As I was visiting with the Family Resource Center representative at my daughter’s school the other day, the subject of religion came up. I was a youth minister for a few years, so that happens occaisionally, especially when the subject of careers is introduced into the conversation. Religion typically follows. And, the conversation lately has been much the same. I find myself on the defensive about the church to some degree, and I find that the more recent college graduates, the twenty somethings and the social workers of our society are quick to point out that church is not relevant for them. I have a quick illustration that I think will resonate with many of you:
- Spirituality = Good
- Church = A good idea
- Religion = Bad
Religion is not just dismissed in our culture, and it isn’t that people don’t really care about the church that church numbers are declining. People are not apathetic toward religion – they are disgusted with it. When I am in conversation with church people, I am confronted with a certain language of belief. In other words, there are things like “Grace” and “Faith” and “Communion” and “Salvation” that are easy to talk about in Christian circles, but outside of those circles, it is a different story. People are disillusioned with religion and, by default, with church.
On a recent Camping trip, a friend was expressing his disillusionment about the inflexibility of the current Christian culture to accept that there is any truth other than the “One True Way.” I was explaining that, in order to have a conviction, you have to be convicted about something, and that in the Christian tradition we tend to believe that we have solid answers to the questions of life and faith. I did relent, however, that there seems to be a different undercurrent about the kind of intolerance that we are seeing in the way that it plays out in our culture.
So, what is it that is becoming increasingly irrelevant to this particular people group? I had a nice drive back from my camping trip that provided an opportunity to reflect on this question. I was thinking that the wedge that has been driving into the church in the last generation was a political one. The Right has taken over as the primary marketing engine for the Christian religion in the last several decades. That message of intolerance and strict adherance to “traditional” roles does not resonate with everyone. Then, when I got back to work today, I read an article by Dianna Butler Bass called “When Religion and Spirituality Collide.” The author does an amazing job navigating the complexities and the history of the decline of the relevance of the modern church. Here is an excerpt from the article:
For centuries, faith was top-down: Spiritual power flowed from pope to the faithful, archbishop to Anglicans, priest to the pious, pastor to congregation. This has changed as regular people confidently assert that spirituality is a grass-roots adventure of seeking God, a journey of insight and inspiration involving authenticity and purpose that might or might not happen in a church, synagogue or mosque. Spirituality is an expression of bottom-up faith and does not always fit into accepted patterns of theology or practice.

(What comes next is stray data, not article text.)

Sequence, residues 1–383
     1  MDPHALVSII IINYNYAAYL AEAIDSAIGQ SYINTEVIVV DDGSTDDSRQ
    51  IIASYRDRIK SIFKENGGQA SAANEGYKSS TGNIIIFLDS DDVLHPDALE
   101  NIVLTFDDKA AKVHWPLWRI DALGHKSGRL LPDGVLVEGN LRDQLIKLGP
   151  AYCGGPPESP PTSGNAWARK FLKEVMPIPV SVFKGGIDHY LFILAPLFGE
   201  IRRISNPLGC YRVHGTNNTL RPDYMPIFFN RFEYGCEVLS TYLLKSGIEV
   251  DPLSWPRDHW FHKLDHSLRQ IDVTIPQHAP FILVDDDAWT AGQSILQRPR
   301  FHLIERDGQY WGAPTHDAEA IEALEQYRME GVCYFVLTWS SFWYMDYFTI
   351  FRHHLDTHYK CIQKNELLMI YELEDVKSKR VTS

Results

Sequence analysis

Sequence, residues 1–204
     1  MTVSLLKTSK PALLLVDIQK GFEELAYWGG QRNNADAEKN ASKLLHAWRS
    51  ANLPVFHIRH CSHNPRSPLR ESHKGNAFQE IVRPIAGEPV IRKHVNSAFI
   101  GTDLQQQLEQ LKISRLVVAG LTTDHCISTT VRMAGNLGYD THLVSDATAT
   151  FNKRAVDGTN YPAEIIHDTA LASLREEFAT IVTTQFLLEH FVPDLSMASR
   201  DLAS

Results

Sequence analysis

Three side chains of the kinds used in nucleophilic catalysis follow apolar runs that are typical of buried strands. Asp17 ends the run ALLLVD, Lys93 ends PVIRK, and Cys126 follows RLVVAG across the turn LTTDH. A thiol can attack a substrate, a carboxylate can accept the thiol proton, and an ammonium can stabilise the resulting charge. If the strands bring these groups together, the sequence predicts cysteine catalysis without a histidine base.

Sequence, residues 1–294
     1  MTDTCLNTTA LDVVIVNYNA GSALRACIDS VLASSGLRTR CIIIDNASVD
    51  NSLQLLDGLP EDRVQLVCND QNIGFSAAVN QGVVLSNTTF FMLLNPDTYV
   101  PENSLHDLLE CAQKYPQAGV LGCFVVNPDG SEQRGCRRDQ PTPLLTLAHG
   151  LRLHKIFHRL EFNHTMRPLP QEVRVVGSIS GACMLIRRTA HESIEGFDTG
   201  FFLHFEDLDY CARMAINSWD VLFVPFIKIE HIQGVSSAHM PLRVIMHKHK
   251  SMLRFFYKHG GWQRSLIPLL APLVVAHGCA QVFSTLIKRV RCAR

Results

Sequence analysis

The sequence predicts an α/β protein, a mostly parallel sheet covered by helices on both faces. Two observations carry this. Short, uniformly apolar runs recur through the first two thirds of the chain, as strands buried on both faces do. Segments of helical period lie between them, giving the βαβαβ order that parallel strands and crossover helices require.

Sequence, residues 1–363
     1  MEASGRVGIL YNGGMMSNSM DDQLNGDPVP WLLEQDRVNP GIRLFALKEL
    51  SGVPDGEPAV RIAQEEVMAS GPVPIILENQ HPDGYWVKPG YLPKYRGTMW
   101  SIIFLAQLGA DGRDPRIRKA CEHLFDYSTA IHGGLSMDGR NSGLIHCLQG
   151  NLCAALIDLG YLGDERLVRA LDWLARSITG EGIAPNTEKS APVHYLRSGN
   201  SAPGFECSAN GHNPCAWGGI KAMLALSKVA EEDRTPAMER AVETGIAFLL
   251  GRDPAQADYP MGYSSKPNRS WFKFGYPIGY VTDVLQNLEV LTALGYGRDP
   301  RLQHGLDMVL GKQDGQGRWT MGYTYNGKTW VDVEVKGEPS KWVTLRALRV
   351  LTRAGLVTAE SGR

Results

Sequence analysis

Fearing this change, however, many religious bodies, such as the Anglican Communion, increasingly fixate on order and control, leading them to reassert hierarchical authority and be less responsive to the longings of those they supposedly serve. And that will push religion further into its spiral of irrelevance and decline.
There is a peripheral correlation to the political divide that I mentioned earlier, but it seems to go deeper than just politics and intolerance. People are more inclined to relate to the spiritual than the religious, and I am one who believes that they are both necessary for a healthy spiritual walk. A friend once encouraged me to think of religion as “binding,” and that sometimes that is what we need to keep us grounded in the world and to challenge our poor behaviors and our bad choices. Religion tends to be about the rules, about the law. Spirituality tends to deal in Grace and Mercy and personal progression. Religion, balanced with grace, mercy, and progress, can be a powerful catalyst for personal growth.
Bad religion, however, can be a cancer that slowly eats away at an institution. We are seeing that cancer today. We are seeing a church ailing with an inflexible adherence to a traditional approach to spirituality that is being lost on an entire generation. I would not suggest ditching tradition. I would suggest harnessing tradition to speak to a new age of communication styles and generational differences. The church tends to fail to bend where needed, and the stress cracks that come from that kind of inflexibility eventually leads to a major break.
It is entirely possible that we will see that kind of break in our lifetime. In fact, if the church chooses to build buildings and hire staff rather than invest in people and work on social issues that are important to the communities where it finds itself, we could see it very soon.